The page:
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- Guide to Online Survey Scams
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Guide to Online Survey Scams
Online surveys can seem like a great way to make a quick buck, with various marketing agencies or pollsters seeking your opinion for a bit of cash. Unfortunately, not all surveys are legitimate, and choosing the wrong one could result in dire consequences. When it comes to survey scams, it's always important to look out for the warning signs of potential fraud and avoid them whenever possible.
What Are Survey Scams?
A survey scam will begin with some form of outreach, usually through an email, online ad, or social media post. Sometimes, you may receive a text or call on your smartphone. Once contact has been made, a scammer will ask you to participate in a brief survey with the offer of compensation. This compensation can be a direct cash payment, gift cards, or credit on some form of marketplace.
The subject of these surveys can vary greatly. Questions may be related to popular culture, specific branches of science, a current political situation, or your opinions on a recent tragedy. Many scammers will choose something that has recently been in the headlines, increasing the chances their victims will have an opinion on the situation.
Different Types of Online Survey Scams
There are many ways scammers will try to steal your money or information through online surveys, most utilizing standard fraud techniques.
#1: Phishing Survey
A phishing survey can often be found in display or social media ads, offering some grand prize for answering only a few simple questions. Once clicked, these ads will direct you to a fake form asking for all manners of personal information. This information can include:
● Full legal name
● Phone number
● Social security number
● Social media password
● Credit card number
● Bank information
This one should be easy to identify because no legitimate survey will need this information. At maximum, a survey will ask for your name, email, or phone number. This is so they can separate your answers from other participants and allow the company to send you some sort of small compensation.
#2: Fake Email
An email survey scam will appear as a company you may know or trust and offer you a link to download a survey. They may also make it seem like the email is coming from someone within your company or an individual you trust. Once clicked, this link will begin to download some form of malware onto your device. This malware can steal your data, give scammers access to your bank accounts, and show them a complete list of your passwords.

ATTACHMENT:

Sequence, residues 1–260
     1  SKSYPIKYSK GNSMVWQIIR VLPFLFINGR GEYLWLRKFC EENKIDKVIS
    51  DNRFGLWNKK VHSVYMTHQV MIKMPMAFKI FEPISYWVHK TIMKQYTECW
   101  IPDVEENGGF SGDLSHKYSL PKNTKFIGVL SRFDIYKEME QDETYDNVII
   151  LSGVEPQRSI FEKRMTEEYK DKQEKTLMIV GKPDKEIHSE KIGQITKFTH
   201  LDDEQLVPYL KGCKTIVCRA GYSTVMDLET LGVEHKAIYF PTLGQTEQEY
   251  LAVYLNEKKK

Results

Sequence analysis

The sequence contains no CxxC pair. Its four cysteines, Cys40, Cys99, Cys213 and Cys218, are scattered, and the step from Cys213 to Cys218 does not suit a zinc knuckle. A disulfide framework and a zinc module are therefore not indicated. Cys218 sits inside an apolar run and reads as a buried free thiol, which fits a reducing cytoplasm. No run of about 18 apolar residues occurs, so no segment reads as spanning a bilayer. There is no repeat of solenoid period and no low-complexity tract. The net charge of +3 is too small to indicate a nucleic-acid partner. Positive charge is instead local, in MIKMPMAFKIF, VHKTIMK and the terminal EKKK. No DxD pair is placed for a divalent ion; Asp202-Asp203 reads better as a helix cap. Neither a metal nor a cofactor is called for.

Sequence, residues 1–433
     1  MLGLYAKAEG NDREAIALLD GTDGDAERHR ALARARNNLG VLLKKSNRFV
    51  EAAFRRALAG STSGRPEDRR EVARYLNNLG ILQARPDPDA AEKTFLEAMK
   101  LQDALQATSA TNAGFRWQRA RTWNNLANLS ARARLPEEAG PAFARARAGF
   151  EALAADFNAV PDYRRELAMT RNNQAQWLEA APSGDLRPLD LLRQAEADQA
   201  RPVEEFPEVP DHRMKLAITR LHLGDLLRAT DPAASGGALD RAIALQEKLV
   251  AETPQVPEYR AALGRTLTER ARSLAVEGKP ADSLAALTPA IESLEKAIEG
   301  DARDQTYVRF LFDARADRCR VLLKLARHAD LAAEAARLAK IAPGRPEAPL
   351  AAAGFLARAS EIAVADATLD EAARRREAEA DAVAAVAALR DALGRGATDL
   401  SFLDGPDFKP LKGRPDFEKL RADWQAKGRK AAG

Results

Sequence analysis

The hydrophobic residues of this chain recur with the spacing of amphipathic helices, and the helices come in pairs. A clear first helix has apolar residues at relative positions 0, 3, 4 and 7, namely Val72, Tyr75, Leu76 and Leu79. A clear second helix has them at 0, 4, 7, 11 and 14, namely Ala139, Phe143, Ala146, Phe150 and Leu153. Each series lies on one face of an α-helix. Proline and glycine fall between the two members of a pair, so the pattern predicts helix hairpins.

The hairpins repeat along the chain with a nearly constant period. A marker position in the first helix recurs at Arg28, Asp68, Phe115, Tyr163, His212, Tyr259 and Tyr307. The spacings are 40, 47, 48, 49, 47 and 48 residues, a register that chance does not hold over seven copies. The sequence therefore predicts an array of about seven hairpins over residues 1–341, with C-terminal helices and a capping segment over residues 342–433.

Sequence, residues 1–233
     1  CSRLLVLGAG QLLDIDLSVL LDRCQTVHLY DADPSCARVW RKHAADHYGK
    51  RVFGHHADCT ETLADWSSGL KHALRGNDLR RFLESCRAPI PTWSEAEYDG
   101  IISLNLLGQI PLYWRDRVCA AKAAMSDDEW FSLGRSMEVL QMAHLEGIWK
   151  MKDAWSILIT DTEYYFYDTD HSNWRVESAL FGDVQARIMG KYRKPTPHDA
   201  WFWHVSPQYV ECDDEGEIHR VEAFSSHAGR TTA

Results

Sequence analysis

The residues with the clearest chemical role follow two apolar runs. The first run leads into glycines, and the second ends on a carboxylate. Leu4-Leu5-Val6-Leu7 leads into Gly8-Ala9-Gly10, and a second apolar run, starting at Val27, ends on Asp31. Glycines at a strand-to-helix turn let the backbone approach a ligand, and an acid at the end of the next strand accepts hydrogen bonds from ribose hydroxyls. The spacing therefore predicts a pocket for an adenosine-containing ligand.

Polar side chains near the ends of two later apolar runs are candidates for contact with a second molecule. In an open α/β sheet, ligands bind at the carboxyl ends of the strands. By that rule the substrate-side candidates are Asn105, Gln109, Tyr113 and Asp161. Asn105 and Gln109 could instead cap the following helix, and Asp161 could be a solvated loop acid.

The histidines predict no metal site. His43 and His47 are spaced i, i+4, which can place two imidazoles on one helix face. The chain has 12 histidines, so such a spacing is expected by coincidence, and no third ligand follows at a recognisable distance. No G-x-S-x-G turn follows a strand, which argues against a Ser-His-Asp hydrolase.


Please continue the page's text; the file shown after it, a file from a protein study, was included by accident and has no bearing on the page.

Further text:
There is an easy way to search through email records and find whether or not the person emailing you is a scammer. A reverse email search can give you the name, address, phone number, social accounts, and any other public records about the owner of a specific email address. This can help you verify the sender's identity and report them to the appropriate authorities.
#3: Spoof Websites
Survey scammers may use spoof websites to increase the legitimacy of their fraud schemes. A survey scammer can make it seem like they directly represent a particular company by taking the layout and appearance of popular websites like Amazon. This also gives them more opportunities to have you enter your account information. For an online marketplace like Amazon, this can mean thousands of dollars charged on various pieces of merchandise, along with direct access to any credit cards linked to your account.
#4: Impersonating Recognizable Companies
Even if a scammer does not create an entire spoof website, they will likely still impersonate companies you know and recognize. Remember, these individuals are criminals; they have no qualms pretending to be representatives from any number of legitimate companies. This type of scam can be used in conjunction with email, phishing, and spoofing tactics. The more time a scammer spends creating their fake company persona, the more opportunities they'll have to trick victims into providing sensitive information.
How to Identify and Prevent Survey Scams
You'll want to be wary of any online poll that begins to ask for personal or financial information. You may be offered a free trial, gift card, or some type of prize; these are tricks to get you to enter your credit card information. If a company wants to legitimately offer you compensation for taking a survey (which many large companies do), they will never ask you to provide information about your bank account. You should also never provide your social security number; no real survey will ever ask for this information.
Another red flag is the quality of the copy used to create the survey. It is most likely a scam if a survey is riddled with grammatical errors or misspelled words. Major companies will have professionals create these surveys, so the chances of them containing errors are low. You should also watch for any survey that offers exorbitantly expensive prizes. No company will give each participant a free trip to Hawaii or a flat screen T.V., as that would end up costing them far more than the gathered information is worth.
Online Survey Scams Can Be Dangerous
It's always best to err on the side of caution when it comes to online surveys. While getting a free credit card or some extra money in your account would be nice, you should always check the legitimacy of any survey before you begin. Contacting the company that a survey claims to represent is one good step to accomplish this, as they can confirm whether or not they have any active surveys.
Most importantly, do not provide any sensitive data! Giving your information to scammers can result in identity theft, which can drain your bank accounts and permanently damage your credit score. Surveys will never ask for your credit card information or social security number; if one does, you should avoid it at all costs.